em.getTransaction().begin();            
         TestUser user = new TestUser();
         user.setName("TestUser"+System.currentTimeMillis());
         user.setAddress("TestUserAddress1");
         em.persist(user);
         List<TestOrder> orders = new ArrayList();
         for (int i=1;i<6;i++){
         TestOrder order = new TestOrder();
         order.setOrderNumber("ON"+System.currentTimeMillis());
         order.setUser(user);
         em.persist(order);
         orders.add(order);
         }
         user.setOrders(orders);

         em.getTransaction().commit();
         em.close();




mysql> select * from test_person;
+----+------------------+-----------------------+
| id | address          | name                  |
+----+------------------+-----------------------+
|  1 | TestUserAddress1 | TestUser1406031063539 |
+----+------------------+-----------------------+
1 row in set (0.00 sec)


mysql> select * from test_user;
+----+
| id |
+----+
|  1 |
+----+


mysql> select * from test_order;
+----+-----------------+
| id | order_number    |
+----+-----------------+
|  1 | ON1406031063627 |
|  2 | ON1406031063673 |
|  3 | ON1406031063678 |
|  4 | ON1406031063683 |
|  5 | ON1406031063686 |
+----+-----------------+



mysql> select * from test_user_orders;
+------+----+
| user | id |
+------+----+
|    1 |  1 |
|    1 |  2 |
|    1 |  3 |
|    1 |  4 |
|    1 |  5 |
+------+----+

Now doing a lookup for MnayToOne side i.e, TestOrder

Map<String, Object> map = new HashMap<String, Object>();
 map.put("javax.persistence.lock.scope", PessimisticLockScope.EXTENDED);
 TestOrder order  = em2.find(TestOrder.class, new Long(1), LockModeType.PESSIMISTIC_WRITE, map);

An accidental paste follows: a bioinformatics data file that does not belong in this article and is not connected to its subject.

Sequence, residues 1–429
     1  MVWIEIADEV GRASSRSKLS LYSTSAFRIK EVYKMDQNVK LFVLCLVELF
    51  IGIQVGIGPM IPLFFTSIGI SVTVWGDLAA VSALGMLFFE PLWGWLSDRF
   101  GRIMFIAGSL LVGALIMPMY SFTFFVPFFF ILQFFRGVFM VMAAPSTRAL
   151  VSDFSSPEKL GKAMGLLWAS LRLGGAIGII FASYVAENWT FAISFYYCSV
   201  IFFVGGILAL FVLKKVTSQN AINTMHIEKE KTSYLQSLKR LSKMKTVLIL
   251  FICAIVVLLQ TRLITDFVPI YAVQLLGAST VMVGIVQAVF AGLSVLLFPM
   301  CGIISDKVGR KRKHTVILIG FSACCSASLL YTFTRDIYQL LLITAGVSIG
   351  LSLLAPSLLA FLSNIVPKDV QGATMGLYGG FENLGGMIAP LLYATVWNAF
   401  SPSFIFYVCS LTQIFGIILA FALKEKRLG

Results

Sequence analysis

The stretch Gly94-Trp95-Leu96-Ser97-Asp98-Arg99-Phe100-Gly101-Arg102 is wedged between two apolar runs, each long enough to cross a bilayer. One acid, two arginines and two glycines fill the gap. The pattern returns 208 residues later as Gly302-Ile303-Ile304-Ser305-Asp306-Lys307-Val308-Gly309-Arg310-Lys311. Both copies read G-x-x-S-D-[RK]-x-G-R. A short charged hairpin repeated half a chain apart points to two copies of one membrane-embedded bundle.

Note the "for update" in the query for pessimistic locking. This query has the join table included too.

 select
        testorder0_.id as id1_8_0_,
        testorder0_.order_number as order_nu2_8_0_,
        testorder0_1_.user as user1_11_0_ 
    from
        test_order testorder0_ 
    left outer join
        test_user_orders testorder0_1_ 
            on testorder0_.id=testorder0_1_.id 
    where
        testorder0_.id=? for update

Hibernate: 
    select
        testuser0_.id as id1_9_0_,
        testuser0_1_.address as address2_9_0_,
        testuser0_1_.name as name3_9_0_ 
    from
        test_user testuser0_ 
    inner join
        test_person testuser0_1_ 
            on testuser0_.id=testuser0_1_.id 
    where
        testuser0_.id=?

Also when I query for the User, this time only the tables involved in user hierarchy are locked by "for update"

 Map<String, Object> map = new HashMap<String, Object>();
        map.put("javax.persistence.lock.scope", PessimisticLockScope.EXTENDED);
        TestUser user  = em2.find(TestUser.class, new Long(2), LockModeType.PESSIMISTIC_WRITE,map);
        user.getOrders().size(); // to force initialization of orders

The resulting SQL is :

        select
        testuser0_.id as id1_9_0_,
        testuser0_1_.address as address2_9_0_,
        testuser0_1_.name as name3_9_0_ 
    from
        test_user testuser0_ 
    inner join
        test_person testuser0_1_ 
            on testuser0_.id=testuser0_1_.id 
    where
        testuser0_.id=? for update

Hibernate: 
    select
        orders0_.user as user1_9_0_,
        orders0_.id as id2_11_0_,
        testorder1_.id as id1_8_1_,
        testorder1_.order_number as order_nu2_8_1_,
        testorder1_1_.user as user1_11_1_ 
    from
        test_user_orders orders0_ 
    inner join
        test_order testorder1_ 
            on orders0_.id=testorder1_.id 
    left outer join
        test_user_orders testorder1_1_ 
            on testorder1_.id=testorder1_1_.id 
    where
        orders0_.user=?
  • That's really good explanation of what EXTENDED does, but my question is about PessimisticLockScope.NORMAL and Entity relationships for which the locked entity contains the foreign key will also be locked statement from documentation (placed under NORMAL value). – Maciej Dobrowolski Jul 28 '14 at 9:36